The Saxon Ore Mountains, called Erzgebirge in German or Krušné hory in Czech, is a mountain range in the south of Saxony in Germany. It is known for its craftwork. It have formed a natural border between Saxony and Bohemia for many centuries.
- 1 Altenberg
- 2 Annaberg-Buchholz
- 3 Aue
- 4 Chemnitz
- 5 Dippoldiswalde
- 6 Freiberg
- 7 Johanngeorgenstadt.
- 8 Oberwiesenthal
- 9 Seiffen
- 10 Zwickau
As the name implies, the Ore Mountains are a mineral-rich mountain range, located in the southern part of Saxony bordering Bohemia. Nearly 900 years of mining has dominated the region with several phases of Klondike-like goldrushes, "Berggeschrey" in medieval German, after new finds of mainly silver ores around Freiberg, Schneeberg and Annaberg. The rich silver mines created the base of the wealth of the Saxon kings and the cultural heritage of the Saxon capital Dresden. The last mining in the area occurred during GDR times when a company of the deceptive name Wismut (Bismuth) extracted Uranium for military use in the USSR. While those mines were shut down upon reunification, the area still struggles with the damage this decidedly "dirty" business did to workers and environment alike. Nowadays, as most of the mining has shut down, there are plenty of industrial heritage sites open to visitors. However by no means all there is in the mountains is gone and when prices for several commodities rose in the mid 2000s , talk of yet another "Berggeschrey" could be heard. Since the prices have come down however, the only people making any money off mining are those at the Bergakademie in Freiberg, one of the oldest universities of its kind.
Following miners tradition, the region has developed a diverse culture of wood-carving and Christmas decoration as candle-lit decoration was the only light the miners saw for several months during winter. Annaberg and Seiffen are famous, but not the only places, for the traditional handicraft and Christmas markets.
The Ore Mountains are the most snow reliable region in Germany outside the Alps with plenty opportunities for downhill and nordic skiing around the Fichtelberg and Oberwiesenthal areas. Compared to the Alps, skiing areas are smaller but cheaper and the effects of mass tourism are not that notable, owing in part to the fact that even cheaper slopes on the Czech side aren't far away.
Truth be told, the local dialect can be hard to decipher even to German native speakers. If you can't make out what people are telling you, try to extricate yourself from the conversation and try asking someone else. While general foreign language fluency is below average, Czech and Russian may work better than in other parts of Germany. This is especially true for Czech in border towns.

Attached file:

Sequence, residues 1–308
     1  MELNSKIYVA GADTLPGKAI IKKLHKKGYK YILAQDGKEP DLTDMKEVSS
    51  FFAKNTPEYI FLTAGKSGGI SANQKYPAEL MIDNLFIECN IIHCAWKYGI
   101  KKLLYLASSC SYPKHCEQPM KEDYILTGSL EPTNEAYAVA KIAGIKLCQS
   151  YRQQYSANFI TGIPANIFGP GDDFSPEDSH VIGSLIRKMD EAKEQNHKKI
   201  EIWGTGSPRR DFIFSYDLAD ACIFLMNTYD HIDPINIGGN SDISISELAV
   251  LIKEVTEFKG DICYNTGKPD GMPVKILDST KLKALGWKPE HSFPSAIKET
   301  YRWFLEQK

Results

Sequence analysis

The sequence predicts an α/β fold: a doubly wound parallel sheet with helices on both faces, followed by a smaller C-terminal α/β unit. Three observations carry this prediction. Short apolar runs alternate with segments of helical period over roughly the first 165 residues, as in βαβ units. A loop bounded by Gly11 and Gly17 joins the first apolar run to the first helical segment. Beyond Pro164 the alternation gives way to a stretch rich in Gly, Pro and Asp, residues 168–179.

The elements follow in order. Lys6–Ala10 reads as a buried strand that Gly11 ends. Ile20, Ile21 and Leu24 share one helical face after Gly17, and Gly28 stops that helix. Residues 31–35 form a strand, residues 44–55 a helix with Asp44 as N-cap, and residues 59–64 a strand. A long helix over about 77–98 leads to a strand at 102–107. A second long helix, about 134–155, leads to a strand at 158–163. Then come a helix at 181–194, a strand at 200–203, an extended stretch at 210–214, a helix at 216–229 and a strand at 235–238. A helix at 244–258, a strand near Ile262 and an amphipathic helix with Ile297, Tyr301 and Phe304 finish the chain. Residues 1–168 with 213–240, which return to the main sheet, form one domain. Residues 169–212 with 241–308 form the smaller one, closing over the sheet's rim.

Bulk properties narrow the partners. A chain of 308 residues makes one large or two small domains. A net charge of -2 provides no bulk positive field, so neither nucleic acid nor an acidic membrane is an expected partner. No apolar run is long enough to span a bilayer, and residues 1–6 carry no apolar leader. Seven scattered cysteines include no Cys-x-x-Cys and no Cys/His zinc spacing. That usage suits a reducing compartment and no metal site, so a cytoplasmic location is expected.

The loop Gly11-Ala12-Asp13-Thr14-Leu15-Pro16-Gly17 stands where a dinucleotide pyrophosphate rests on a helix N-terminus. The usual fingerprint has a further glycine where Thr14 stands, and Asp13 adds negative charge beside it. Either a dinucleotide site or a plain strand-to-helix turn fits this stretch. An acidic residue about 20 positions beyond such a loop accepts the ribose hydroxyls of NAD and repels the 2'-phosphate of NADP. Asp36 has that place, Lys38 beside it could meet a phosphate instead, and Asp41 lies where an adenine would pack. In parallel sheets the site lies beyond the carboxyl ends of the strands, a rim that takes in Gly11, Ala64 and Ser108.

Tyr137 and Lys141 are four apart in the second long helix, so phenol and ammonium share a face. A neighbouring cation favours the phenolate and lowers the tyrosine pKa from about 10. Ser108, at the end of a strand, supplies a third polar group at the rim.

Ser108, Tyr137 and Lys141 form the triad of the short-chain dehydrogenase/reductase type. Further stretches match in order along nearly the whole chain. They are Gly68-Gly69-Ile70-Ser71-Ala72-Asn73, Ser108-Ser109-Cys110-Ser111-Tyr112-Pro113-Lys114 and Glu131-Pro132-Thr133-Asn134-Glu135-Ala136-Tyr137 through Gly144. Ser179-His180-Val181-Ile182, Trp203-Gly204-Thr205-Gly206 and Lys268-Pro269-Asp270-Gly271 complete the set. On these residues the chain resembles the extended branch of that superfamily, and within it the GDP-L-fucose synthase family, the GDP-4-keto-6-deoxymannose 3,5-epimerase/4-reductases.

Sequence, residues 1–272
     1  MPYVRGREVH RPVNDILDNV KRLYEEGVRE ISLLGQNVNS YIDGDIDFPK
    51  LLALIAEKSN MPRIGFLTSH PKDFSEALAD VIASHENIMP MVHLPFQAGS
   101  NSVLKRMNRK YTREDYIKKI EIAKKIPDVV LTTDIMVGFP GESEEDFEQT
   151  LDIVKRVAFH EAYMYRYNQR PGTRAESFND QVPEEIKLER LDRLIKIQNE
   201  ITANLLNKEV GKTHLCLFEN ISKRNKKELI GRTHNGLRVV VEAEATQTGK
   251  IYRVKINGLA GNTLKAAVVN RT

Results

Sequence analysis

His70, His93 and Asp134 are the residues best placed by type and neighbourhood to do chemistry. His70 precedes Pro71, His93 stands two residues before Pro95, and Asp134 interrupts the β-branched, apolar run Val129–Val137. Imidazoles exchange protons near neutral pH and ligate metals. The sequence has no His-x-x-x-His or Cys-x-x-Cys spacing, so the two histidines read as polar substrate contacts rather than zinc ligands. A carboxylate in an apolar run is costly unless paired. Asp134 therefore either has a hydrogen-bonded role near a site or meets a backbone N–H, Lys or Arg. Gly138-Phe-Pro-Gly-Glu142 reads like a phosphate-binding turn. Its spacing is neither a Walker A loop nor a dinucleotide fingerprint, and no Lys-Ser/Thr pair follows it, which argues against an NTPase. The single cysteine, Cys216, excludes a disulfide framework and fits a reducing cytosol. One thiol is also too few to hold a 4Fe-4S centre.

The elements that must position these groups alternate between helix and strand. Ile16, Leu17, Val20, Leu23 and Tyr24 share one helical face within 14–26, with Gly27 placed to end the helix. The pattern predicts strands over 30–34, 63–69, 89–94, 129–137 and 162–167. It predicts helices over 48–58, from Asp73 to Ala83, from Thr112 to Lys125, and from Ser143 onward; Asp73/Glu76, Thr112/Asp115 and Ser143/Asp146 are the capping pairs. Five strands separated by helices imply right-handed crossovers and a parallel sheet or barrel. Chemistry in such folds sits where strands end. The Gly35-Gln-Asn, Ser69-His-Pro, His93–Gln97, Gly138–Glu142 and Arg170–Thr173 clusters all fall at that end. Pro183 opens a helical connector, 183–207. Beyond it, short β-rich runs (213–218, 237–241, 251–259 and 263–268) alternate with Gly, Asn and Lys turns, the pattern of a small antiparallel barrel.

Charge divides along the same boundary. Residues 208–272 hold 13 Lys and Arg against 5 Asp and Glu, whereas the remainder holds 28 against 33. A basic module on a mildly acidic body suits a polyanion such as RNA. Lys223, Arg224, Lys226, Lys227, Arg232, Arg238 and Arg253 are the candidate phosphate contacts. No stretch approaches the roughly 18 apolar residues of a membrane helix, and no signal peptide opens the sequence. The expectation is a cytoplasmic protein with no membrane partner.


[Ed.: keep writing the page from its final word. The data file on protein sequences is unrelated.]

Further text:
From the north (Berlin via Dresden) use the Autobahn A13 and A4, as well as the A14 (from Magdeburg). Enter via the Autobahn A4, when coming from the west. The A9 (from Nuremberg) and the A72 (from Munich and Hof) will lead you to the Erzgebirge when coming from the south.
If you are coming from further away you will most likely arrive via Dresden or Leipzig. Regional trains also run from other surrounding regions, like Franconia. The most important line is the Dresden - Freiberg - Chemnitz - Zwickau - Hof -line with hourly regional service in either direction. From there there are branch lines to Annaberg-Buchholz and Stollberg (from Chemnitz), Johanngeorgenstadt and Klingenthal from Zwickau. During the skiing season special trains can get you to the snow sports hotspots.
The only major airport with scheduled flights is in Dresden. However, even that airport doesn't offer all that many connections. Some areas of the Erzgebirge may be easier to reach from Prague or Karlovy Vary in the Czech Republic. There are a number of airports in the region that can be used with business and private aircraft.
The Erzgebirge national park provides many opportunities for outdoor sports and sightseeing. In the summer, many paths exist through the forest for Hiking, Cycling and rock climbing, while in winter the paths are used for cross country skiing and snowshoeing. Oberwiesenthal was once the premier alpine ski resort in East Germany, and still exists as a relatively undiscovered, quiet area for skiing.
On the whole this area experiences little crime. (Though low level drug smuggling across the border does occur). As it is not as high up as the Alps, mountain safety rules apply but less so. Still you should be prepared for fast changes in weather as well as storm and heavy snow in the winter - even if no snow can be seen in the lowlands.